Doklam: a return to crisis?

Doklam: a return to crisis?
It is a matter of serious concern that China is again building up its troop strength and has resumed road-building in the Doklam area. It was only a little over a month ago that the Indian and Chinese governments reached agreement on pulling back their troops to defuse the 72-day standoff between Indian and Chinese soldiers in the India-Bhutan-China trijunction area. Tensions de-escalated thereafter.

Prime Minister Narendra Modi subsequently travelled to Beijing to participate in the Brics summit that China hosted and even had bilateral talks with Chinese President Xi Jinping on the sidelines. It seemed then that relations were on the mend. At a time when bilateral relations are still fragile, it is unfortunate, indeed irresponsible of China to rebuild its troop presence at Doklam. The de-escalation notwithstanding, there were signs that the frosty relations had not thawed fully. Every year, on October 1, Chinese troops would invite their Indian counterparts to a ceremonial border personnel meeting to mark China’s National Day. This year, Indian troops were not invited, signalling that relations were not back to normal yet. Still, few expected the Chinese to indulge in the provocative build-up so soon after the August 28 disengagement of troops at Doklam.

China’s rebuilding of its troop strength at Doklam could be aimed at a domestic audience. The Chinese Communist Party Congress is due in a fortnight and it is likely that the muscle-flexing at the border is aimed at impressing party hardliners. Even so, the government should have avoided troop build-up — some 1,500-1,700 Chinese soldiers are said to be deployed in the area — as it is fraught with risk. India, meanwhile, is understandably worried and has dispatched Foreign Secretary SD Jaishankar to Thimphu to discuss the matter with the Bhutanese government.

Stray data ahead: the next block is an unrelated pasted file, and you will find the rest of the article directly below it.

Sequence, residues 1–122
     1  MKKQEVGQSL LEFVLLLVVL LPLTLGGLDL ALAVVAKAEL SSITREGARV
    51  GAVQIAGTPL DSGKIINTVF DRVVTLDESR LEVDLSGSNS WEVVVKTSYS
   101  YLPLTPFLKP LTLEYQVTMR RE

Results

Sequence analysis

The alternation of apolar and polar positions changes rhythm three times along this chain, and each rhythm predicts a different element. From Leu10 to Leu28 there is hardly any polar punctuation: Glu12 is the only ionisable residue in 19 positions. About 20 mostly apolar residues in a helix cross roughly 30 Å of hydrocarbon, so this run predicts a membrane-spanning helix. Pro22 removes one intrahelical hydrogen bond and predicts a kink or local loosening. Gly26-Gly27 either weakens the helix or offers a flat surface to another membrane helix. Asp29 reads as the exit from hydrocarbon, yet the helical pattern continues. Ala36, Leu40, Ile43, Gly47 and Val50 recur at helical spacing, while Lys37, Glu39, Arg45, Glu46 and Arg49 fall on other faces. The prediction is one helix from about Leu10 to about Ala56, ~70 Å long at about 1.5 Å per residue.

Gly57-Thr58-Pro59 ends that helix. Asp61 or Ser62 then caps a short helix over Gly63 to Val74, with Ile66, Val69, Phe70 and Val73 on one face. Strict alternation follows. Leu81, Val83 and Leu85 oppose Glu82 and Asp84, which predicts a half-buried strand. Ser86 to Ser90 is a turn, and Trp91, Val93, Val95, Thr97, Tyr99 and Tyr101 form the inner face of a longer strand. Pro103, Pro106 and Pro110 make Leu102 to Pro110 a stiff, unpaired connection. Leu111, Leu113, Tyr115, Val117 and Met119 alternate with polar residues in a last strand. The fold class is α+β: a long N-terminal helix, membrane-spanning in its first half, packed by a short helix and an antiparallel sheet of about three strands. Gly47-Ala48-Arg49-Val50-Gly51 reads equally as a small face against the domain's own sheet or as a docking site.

When the crisis was defused in August, the details of what the two governments agreed upon were not made public. Indian analysts, especially those close to the government, maintained that China had pulled back its troops while India had stood firm. The Modi government was applauded for not buckling to Chinese pressure and emerging the ‘winner’ in the face-off. If China did indeed agree to pull back its troops from Doklam, then its current build-up is a betrayal of the agreement. Making public the terms of the agreement would not only inject much-needed transparency in Sino-Indian relations but it would also lay bare Chinese perfidy. If India pulled back without a reciprocal Chinese withdrawal, then it lost more than it reportedly gained from the crisis. The people deserve to know what the terms of the deal were and what it means for India’s national security. Delhi must seek an explanation from Beijing. A return to crisis is in nobody’s interest.

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